How to Get Cat Out of Upholstery for Allergies
Removing cat allergens in your home thoroughly requires diligent housekeeping. The Mayo Clinic says that the cat's dander--the dead skin cells that are shed--and the allergens in a cat's dried saliva are extremely small and can easily become airborne with the slightest bit of circulation. Cat allergens are also sticky stuff, clinging to soft surfaces--especially upholstery.
Removing Cat Allergens from Upholstery
Replace upholstered furniture with un-upholstered furniture, or have upholstered furniture recovered. The Mayo Clinic cautions that no matter how well you clean, you'll never get cat allergens out of soft furnishings--not only upholstered furniture, but carpeting, area rugs, mattresses and drapes.
Using a hand-held attachment, clean upholstered furniture with a vacuum with a HEPA filter--these devices remove very small particles from your environment, including cat allergens. When you vacuum, make sure to wear a dust mask, the Mayo Clinic says, or have someone without cat allergies perform this task.
Don't neglect air quality. Residual cat dander can continue to circulate through your home even long after the pet has been removed. Consider purchasing a HEPA air cleaner, even if you have central air, and turn it on for four hours a day, advises the Asthma & Allergy Foundation of America. This won't remove the cat dander already on your upholstered furniture, but it can prevent airborne allergens from adhering to these surfaces.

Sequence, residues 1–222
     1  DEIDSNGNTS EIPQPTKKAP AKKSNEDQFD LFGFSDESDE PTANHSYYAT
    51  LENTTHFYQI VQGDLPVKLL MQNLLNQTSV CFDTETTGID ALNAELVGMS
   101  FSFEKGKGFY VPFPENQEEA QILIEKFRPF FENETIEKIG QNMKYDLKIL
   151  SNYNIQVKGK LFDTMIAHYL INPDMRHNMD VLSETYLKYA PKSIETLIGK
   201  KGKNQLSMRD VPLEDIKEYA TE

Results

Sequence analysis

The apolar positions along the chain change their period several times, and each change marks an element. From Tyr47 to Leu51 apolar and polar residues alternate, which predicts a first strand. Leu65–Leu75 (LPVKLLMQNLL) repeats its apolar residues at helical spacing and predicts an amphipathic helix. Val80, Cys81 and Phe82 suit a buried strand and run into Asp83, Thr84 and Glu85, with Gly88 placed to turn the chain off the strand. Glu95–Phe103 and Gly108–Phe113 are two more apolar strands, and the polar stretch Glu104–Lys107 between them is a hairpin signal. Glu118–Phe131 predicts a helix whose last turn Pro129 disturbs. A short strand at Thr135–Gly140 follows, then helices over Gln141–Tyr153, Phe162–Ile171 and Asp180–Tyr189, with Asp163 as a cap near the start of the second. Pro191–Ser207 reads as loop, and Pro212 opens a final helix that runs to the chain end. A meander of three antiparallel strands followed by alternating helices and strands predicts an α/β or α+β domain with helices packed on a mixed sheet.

If replacing or reupholstering furniture isn't an option, move it out of your bedroom and into another room. The Mayo Clinic also advises replacing other soft furnishings in your bedroom as well, including mattresses, pillows and bedding, if there is no longer a cat in the home.
- If you want to continue to keep your pet cat, the AAFA notes that having bare walls and floors are best, as these are easiest to keep clean.
Lisa Sefcik has been writing professionally since 1987. Her subject matter includes pet care, travel, consumer reviews, classical music and entertainment. She's worked as a policy analyst, news reporter and freelance writer/columnist for Cox Publications and numerous national print publications. Sefcik holds a paralegal certification as well as degrees in journalism and piano performance from the University of Texas at Austin.